Hit And Run Car Wrecks
Stop and Check To If Anyone Needs Help
Recently, a witness said she saw a Dallas city councilman allegedly hit a disabled pedestrian and say to the victim “don’t you know who I am before driving away. His lawyer tells a different story. We’ll wait for the facts to come out before reaching any conclusions. Everyone is presumed innocent until proven guilty in court based on credible evidence.
Notwithstanding the presumption of innocence in the above case, drivers sometimes leave the accident scene after crashing into pedestrians or someone’s car. That’s a hit-and-run car wreck. Besides being illegal, hit-and-run car wrecks are dangerous because the injured party often needs the assistance of the hit-and-run driver. A 911 call can literally save the hit-and-run victim.
Duties Following an Accident
Under Texas law, a person involved in a car wreck that results or is reasonably likely to result in injury to or death of a person has specific duties. § 550.021 Texas Transportation Code (TTC). Specifically, the person must take these actions.
First, he must immediately stop the vehicle at the scene of the accident or as close to the scene as possible. If something is preventing him from staying at the scene, he must stop as near to the car wreck as possible.
Second, he must immediately return to the scene of the accident if he stopped a short distance from the scene of the accident.
Third, he must immediately determine whether a person is involved in the accident and if a person is involved in the accident, whether that person requires aid. This is the intent of the law in the first place—to see if someone involved in the car wreck needs assistance. It shows extreme indifference to leave the scene knowing someone may be injured in the wreck.
Fourth, he must remain at the scene of the accident and give the other driver his name and address, the registration number of the vehicle he was driving, and the name of his insurance company to any person injured or involved in the collision. Also, he must show his driver license, if requested.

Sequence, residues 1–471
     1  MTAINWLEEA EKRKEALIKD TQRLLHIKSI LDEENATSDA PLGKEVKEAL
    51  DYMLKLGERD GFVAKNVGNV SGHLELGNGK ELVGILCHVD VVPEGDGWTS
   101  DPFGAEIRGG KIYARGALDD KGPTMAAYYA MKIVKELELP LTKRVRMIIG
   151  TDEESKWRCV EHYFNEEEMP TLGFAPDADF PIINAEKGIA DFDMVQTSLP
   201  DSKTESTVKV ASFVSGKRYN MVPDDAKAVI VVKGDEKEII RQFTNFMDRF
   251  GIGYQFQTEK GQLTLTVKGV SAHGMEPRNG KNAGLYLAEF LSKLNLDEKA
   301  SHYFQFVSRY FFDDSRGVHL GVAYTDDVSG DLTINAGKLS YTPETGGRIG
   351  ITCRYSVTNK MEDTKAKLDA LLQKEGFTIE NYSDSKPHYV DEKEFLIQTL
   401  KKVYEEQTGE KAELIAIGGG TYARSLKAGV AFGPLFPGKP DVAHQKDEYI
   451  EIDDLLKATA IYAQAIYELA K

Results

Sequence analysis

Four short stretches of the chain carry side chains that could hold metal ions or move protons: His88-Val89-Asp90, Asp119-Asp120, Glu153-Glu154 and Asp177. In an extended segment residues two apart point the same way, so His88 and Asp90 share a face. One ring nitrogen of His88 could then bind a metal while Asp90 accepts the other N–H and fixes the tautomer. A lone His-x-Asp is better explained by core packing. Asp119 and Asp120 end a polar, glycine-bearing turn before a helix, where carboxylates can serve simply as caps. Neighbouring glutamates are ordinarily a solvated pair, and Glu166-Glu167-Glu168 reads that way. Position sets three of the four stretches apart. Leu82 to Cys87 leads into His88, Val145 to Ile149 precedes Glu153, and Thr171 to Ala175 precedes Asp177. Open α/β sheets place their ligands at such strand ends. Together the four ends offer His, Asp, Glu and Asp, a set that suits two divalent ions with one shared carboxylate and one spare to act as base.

These duties are self-explanatory and obviously needful. The health and wellbeing of the other persons are paramount, which is the reason the law requires all drivers to hang around until they know everyone is all right or receiving medical attention.
Consequences of Leaving the Scene of An Accident
If the person violates § 550.021 TTC, he may be charged with a second-degree felony if someone died in the accident. A second-degree felony carries up to 20 years in the penitentiary and a $10,000 fine. If someone in the accident was seriously injured, the police could charge the hit-and-run driver could be charged with a third-degree felony, which carries up to 10 years and a $10,000 fine.
If there were no death or serious bodily injuries, the hit-and-run driver still could be imprisoned for up to five years in the penitentiary or up to one year in county jail and fined up to a $5000. Any way you cut it the consequences can be severe for leaving the scene of an accident.
What’s more, the hit-and-run driver will likely face a civil lawsuit. Clearly, the police must identify and arrest the hit-and-run driver before he can be held accountable.
One involved in an accident should need no incentive to remain at the scene of an accident. Leaving could cause very severe consequences criminally and civilly. But even more critical, an injured party in the accident could die all because hit-and-run driver left the scene of the accident. Please consider these factors before leaving the scene of an accident.